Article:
1941: Julia and her sister are sent away by their parents, towards Nazi Germany and away from the Soviet troops. Julia survives the journey and the war, moving to Australia with her husband and child. But the immigrants do not find peace in their new home…
The Child of Ukraine is an historical novel based upon the experiences of the author’s grandparents. This alongside the current situation in Ukraine makes the book more poignant and relevant as well as heartbreaking.
Julia’s parents face an almost impossible decision: the Nazis or the Soviets. Their sons are already dead and they are truly desperate. Only fear can force the family apart and I can’t imagine being put in that position. Julia doesn’t have an easy life after the war. Her husband is not always kind and they are unable to have another child.
The characters all face serious issues and the human pain and emotion is easy to relate to and understand. The endurability of the human spirit and the capacity to love and hope are strong themes and elements to the book. I found the complexities and nuances of life to be authentic. The book is full of detail that captures the imagination and emotion of the reader.
The Child of Ukraine is an emotional and realistic portrayal of the experiences described.
Ukraine, 1940.She cups her daughter’s face with her trembling hands, imprinting it on her mind. ‘I love you. Be brave,’ she whispers through her tears, her heart breaking into a thousand pieces. Sending her child away is the only way to keep her safe. But will she ever see her again?
When war rips their country apart, Julia is sent away by her tearful parents in the dead of night, clutching her mother’s necklace and longing for one last embrace. But soon she is captured by Nazi soldiers and forced into a German labour camp, where behind a tall fence topped with cruel barbed wire, she has never felt more alone.
Just as she begins to give up on all hope, Julia meets Henry, a young man from her village who shares her heart full of dreams. And when she feels a fluttering in her belly that grows and grows, she longs to escape the camp and begin a new life with their child. But then Julia is forced to make a terrible choice. A choice no mother should have to make.
New York, 2011. With her heart shattered and her life changed forever by the shadows of war, as the years go by Julia thinks she will never be whole again. For decades she has been carrying a terrible secret with her, her every moment tainted by tragedy and loss since those dark days of the war.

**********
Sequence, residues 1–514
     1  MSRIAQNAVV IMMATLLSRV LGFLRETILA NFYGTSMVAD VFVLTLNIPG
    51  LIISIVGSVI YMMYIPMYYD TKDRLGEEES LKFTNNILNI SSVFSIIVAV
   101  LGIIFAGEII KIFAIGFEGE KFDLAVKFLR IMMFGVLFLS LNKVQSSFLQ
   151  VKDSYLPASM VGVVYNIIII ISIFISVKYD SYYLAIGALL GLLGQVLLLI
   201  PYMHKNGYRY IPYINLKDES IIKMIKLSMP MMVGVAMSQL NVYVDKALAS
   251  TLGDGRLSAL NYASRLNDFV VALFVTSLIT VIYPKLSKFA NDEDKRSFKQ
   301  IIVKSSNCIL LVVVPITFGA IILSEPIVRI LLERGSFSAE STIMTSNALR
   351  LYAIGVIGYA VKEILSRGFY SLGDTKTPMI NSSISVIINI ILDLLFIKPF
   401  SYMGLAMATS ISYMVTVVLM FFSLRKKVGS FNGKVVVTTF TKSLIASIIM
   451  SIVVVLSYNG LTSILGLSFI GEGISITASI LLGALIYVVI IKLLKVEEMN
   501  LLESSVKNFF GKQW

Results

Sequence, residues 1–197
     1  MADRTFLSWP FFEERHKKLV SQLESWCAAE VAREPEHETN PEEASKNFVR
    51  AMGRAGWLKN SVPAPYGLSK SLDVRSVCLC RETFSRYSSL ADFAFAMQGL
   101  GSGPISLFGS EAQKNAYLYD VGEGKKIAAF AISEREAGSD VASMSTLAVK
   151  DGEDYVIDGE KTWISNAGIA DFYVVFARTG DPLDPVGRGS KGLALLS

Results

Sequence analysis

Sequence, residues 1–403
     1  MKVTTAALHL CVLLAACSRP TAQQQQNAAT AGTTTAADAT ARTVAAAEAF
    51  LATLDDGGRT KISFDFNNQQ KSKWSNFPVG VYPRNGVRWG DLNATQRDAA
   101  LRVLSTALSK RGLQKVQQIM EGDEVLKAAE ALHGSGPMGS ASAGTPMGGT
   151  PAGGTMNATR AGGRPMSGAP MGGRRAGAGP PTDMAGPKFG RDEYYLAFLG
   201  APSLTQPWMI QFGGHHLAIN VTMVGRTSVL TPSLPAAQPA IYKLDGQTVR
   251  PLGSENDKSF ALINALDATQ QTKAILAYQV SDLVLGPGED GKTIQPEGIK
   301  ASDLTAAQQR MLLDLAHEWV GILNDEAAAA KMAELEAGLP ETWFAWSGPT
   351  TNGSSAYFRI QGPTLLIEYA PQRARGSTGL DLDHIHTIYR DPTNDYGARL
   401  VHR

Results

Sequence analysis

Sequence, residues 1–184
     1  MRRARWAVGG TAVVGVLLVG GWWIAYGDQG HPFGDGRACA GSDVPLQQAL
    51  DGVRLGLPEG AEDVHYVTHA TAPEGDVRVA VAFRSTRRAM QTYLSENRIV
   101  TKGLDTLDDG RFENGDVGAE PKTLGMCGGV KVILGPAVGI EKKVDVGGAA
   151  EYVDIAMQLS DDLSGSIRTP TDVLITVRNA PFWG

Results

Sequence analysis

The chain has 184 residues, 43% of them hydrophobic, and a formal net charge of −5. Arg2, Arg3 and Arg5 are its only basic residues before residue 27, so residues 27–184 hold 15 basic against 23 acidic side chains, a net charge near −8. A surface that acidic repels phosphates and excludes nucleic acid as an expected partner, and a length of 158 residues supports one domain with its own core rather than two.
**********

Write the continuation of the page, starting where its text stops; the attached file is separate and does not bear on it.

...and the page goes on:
But when she receives a phone call in the middle of the night, far away from the home and family she lost in the war, will Julia finally be reunited with the missing piece of her heart? Or is it too late for her wounds to heal?
Based on the incredible true story of the author’s grandparents, The Child of Ukraine is a breathtakingly powerful tale of love, loss and family secrets, perfect for fans of The Four Winds, The Last Green Valley, and The Nightingale.
This novel was previously published under the name Motherland.
Tetyana Denford grew up in a small town in New York, and is a Ukrainian-American author, translator, and freelance writer. She grew up with her Ukrainian heritage at the forefront of her childhood, and it led to her being fascinated with how storytellers in various cultures passed down their lives to future generations; life stories are where we learn about ourselves, each other, and are the things that matter most, in a world where things move so quickly.
Her debut novel, Motherland was self-published in March 2020 to critical success and longlisted for The Readers Digest Self Published Book Awards. It was based on an incredible family secret that was revealed by her maternal grandmother, Julia, only recently, and has been described by people as ‘haunting’, ‘powerful and devastating’, and ‘a fragile and hopeful story of an immigrant family’. In March 2022, Tetyana signed a 2-book deal with Bookcouture, an imprint of Hachette, and Motherland will be re-released in July 2022 with a new title and cover.
She also works with Frontline News as a translator, has been featured in The New York Times, The Telegraph, The Flock Magazine and Mother Tongue Magazine, and speaks several languages. She also hosts a YouTube show called ‘The Craft and Business of Books’ that helps writers understand both the creative side and the business side of the book world. Her series of ‘conversation books’, collections of poetry and prose about Grief, Motherhood, and Love, were published in 2021.
Tetyana currently lives in New York with her husband and three children.